Ski industry report breaks down snowsports retail sales |

Ski industry report breaks down snowsports retail sales

Alli Langley
At ski shops around the country, business was up in the first half of the 2014-15 season. Ski and snowboard equipment sales were down (except for an increase in AT gear sales) this year over last year, and apparel sales increased.
File photo |

Ski shops across the country experienced wildly different sales during the first half of winter, largely thanks to weather. Overall sales continue to climb.

Snowsports Industries America, a nonprofit trade association for equipment and apparel producers and sellers, recently collected data from about 1,200 retailers and reported a mixed bag of sales during the first half of the season.

From August through January, overall snowsports retail sales reached $3.4 billion, up 2 percent over the same period the year before.

Though equipment and accessories sales were down 2 percent to $1.1 billion, outerwear sales increased 5 percent to $1.3 billion and apparel accessories sales (including headwear, handwear and base layers) rose 4 percent to $443 million.

“Women are demanding better equipment.”Kevin Kahleowner of the Rebel Sports shops in Frisco and Copper Mountain

SIA director of research Kelly Davis said weather is responsible for as much as three-fourths of the annual variance in sales of equipment and apparel. The wildly different weather by region is reflected in the sales of equipment and clothing this winter, she said.

The Pacific Northwest had a warm winter, and California continued to suffer through severe drought. The Rocky Mountains saw warm temperatures and below-average snow with some blasts of typical winter weather. Snow and cold hammered the Northeast.

“It couldn’t get more drastic, frankly,” Davis said.

Regionally, sales were up slightly in the West (which includes the Pacific and Rockies) and Midwest and down slightly in the South and Northeast. Too much snow in the Northeast, the report said, likely prevented an increase in sales as customers struggled to get to specialty shops.

Kevin Kahle, owner of the Rebel Sports shops in Frisco and Copper Mountain, said winter sales were solid thanks to early-season snow.

“Early snow is always best,” he said. “That really started our season off well and kept things going through the warm times here.”

in-person or online?

Most people bought snowsports products at specialty shops, whose overall sales were even with last season’s at $1.7 billion, rather than at chain stores and online retailers.

“Consumer behavior is shifting, and it’s been shifting for quite some time,” Davis said, “but the specialty shops are still the heart of snowsports retail.”

Outerwear sales at specialty shops increased by 4 percent to $508 million and rental equipment revenue was up 6 percent to $113 million.

Equipment sales, however, which include Alpine, snowboard, cross-country, Alpine touring and telemark gear, were down by 2 percent to $493 million in specialty shops. The bright spot in equipment sales was Alpine touring gear, sales of which increased by 36 percent to $6.3 million.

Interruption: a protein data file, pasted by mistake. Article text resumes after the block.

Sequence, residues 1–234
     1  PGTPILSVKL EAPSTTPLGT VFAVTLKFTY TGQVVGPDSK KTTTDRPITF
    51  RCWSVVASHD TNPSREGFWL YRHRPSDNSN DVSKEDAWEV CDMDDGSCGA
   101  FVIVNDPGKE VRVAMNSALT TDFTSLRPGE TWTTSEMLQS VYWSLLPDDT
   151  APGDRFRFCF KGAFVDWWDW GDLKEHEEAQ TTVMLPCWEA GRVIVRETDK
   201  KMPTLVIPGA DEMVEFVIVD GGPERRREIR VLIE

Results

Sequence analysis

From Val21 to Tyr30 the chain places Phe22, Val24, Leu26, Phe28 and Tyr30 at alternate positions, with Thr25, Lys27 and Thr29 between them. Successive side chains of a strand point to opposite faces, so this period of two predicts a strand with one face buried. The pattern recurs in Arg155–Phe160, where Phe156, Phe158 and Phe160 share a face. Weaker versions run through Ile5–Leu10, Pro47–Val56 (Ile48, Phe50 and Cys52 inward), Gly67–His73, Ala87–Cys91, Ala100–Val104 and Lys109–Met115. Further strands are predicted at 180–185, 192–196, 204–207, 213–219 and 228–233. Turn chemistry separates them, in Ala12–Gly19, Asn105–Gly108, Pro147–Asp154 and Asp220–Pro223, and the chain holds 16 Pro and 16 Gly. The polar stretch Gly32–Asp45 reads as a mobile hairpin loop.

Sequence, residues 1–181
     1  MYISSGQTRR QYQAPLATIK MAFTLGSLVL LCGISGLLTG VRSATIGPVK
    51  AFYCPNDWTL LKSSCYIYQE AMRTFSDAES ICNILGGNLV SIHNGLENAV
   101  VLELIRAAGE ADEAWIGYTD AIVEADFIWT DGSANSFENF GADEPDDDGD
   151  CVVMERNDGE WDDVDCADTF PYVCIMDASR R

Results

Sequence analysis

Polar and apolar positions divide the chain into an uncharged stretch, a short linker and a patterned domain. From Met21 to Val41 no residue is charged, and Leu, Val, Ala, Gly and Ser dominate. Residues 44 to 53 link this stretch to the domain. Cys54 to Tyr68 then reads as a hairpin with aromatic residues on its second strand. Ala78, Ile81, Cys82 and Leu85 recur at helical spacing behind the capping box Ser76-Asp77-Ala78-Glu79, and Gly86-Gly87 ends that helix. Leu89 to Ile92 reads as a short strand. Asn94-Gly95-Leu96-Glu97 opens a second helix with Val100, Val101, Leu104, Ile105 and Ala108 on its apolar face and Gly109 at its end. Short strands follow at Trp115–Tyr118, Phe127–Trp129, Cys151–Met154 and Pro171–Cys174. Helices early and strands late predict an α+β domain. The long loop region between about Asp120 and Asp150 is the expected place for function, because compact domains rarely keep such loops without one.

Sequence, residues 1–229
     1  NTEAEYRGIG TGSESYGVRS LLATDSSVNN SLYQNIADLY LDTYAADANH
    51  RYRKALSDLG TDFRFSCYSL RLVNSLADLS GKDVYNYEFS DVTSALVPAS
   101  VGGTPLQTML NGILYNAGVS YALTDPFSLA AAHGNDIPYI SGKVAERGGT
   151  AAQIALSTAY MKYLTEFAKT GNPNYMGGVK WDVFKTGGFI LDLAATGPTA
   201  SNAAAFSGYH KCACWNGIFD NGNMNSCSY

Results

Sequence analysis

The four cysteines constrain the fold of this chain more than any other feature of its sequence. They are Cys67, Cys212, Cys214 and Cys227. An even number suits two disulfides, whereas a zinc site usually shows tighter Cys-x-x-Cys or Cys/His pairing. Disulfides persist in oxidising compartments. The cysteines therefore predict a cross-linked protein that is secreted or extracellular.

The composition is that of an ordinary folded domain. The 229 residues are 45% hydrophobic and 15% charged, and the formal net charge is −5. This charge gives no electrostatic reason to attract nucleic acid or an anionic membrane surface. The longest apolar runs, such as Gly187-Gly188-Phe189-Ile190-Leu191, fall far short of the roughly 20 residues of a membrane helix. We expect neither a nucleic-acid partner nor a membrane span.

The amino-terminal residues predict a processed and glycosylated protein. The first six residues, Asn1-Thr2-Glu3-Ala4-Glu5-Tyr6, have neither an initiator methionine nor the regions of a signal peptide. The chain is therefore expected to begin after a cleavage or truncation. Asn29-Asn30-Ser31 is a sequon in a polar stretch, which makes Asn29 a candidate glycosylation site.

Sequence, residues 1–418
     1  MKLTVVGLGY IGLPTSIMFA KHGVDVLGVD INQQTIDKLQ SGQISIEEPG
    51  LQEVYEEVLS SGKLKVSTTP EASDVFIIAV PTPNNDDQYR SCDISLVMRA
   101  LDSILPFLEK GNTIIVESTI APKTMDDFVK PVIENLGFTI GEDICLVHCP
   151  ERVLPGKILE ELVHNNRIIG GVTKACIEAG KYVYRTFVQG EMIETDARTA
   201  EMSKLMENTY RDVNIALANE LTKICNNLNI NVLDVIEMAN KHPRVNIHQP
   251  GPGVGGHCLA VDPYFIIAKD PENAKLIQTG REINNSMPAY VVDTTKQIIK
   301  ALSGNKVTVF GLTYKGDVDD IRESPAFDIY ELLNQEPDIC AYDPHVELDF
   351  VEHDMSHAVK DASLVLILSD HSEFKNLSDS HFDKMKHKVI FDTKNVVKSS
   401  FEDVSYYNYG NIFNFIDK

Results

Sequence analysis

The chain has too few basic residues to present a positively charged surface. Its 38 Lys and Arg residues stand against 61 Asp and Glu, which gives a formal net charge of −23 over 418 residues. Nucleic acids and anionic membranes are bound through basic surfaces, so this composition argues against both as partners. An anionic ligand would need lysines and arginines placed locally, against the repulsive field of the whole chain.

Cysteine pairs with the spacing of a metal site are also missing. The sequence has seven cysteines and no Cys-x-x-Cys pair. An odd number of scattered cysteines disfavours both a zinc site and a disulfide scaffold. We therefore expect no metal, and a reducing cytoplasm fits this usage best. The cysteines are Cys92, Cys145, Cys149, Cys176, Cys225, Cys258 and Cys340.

The association reported that backcountry participation is up 25 percent, with 6.3 million skiers and riders now claiming they have explored backcountry terrain.

At chain stores, sales reached $947 million, up 10 percent in dollars and 8 percent in units sold.

The chain-store gains were driven by increases in outerwear sales (up 10 percent to $395 million) apparel accessories (up 9 percent to $181 million), snowboard equipment (up 18 percent to $25 million) and winter footwear (up 11 percent to $59 million).

Online sales reached $740 million, down 6 percent in both dollars and units sold.

Slim early-season inventory at larger online retailers, such as, contributed to the decline in online sales, Davis said.

She said the online sales numbers might be off, however, because she expected to see the upward trend of the last nearly 10 years continue.

About a third of snowboard sales are now happening online, though people are still buying other gear items, like boots they want to try on and bindings they need help mounting, at physical stores.

“Most people can mount their own bindings on a snowboard,” Davis said. “That is not true for Alpine skis. That is not true for cross-country skis.”


Sales of women-specific products were up 2 percent in dollars to $866 million, which represented 32 percent of all sales.

AT gear targeted to women, especially, saw a jump of 381 percent in sales to $169,000.

Women-specific product sales saw a decline only in snowboard equipment, which dropped 1 percent in dollars sold. However, women’s snowboard boot sales rose 5 percent to $13 million.

“Women are demanding better equipment,” Kahle said. “In the athletic industry in general I think the ladies are definitely coming on strong.”

Additionally, the SIA report said holiday promotions in October and November hurt December sales and pulled average selling prices down.

“November was much, much bigger this year than it had been in previous seasons,” Davis said, which indicates that holiday deals are moving up and consumers are thinking about them earlier.

Past industry patterns suggest sales in the Northeast, Midwest, mid-Atlantic and the South will finish the season strong, while poor snow conditions in the West will cause retail sales and snowsports participation to dip.

Davis said retailers in the West can transition earlier in the season to selling gear and apparel for biking, hiking and other activities that snowsports enthusiasts love, and they should do fine as long as they have diversified their products.

“If they’re just snowsports, then it’s going to hurt,” she said.

SIA will likely release its report analyzing market trends through the entire 2014-15 ski season in May.

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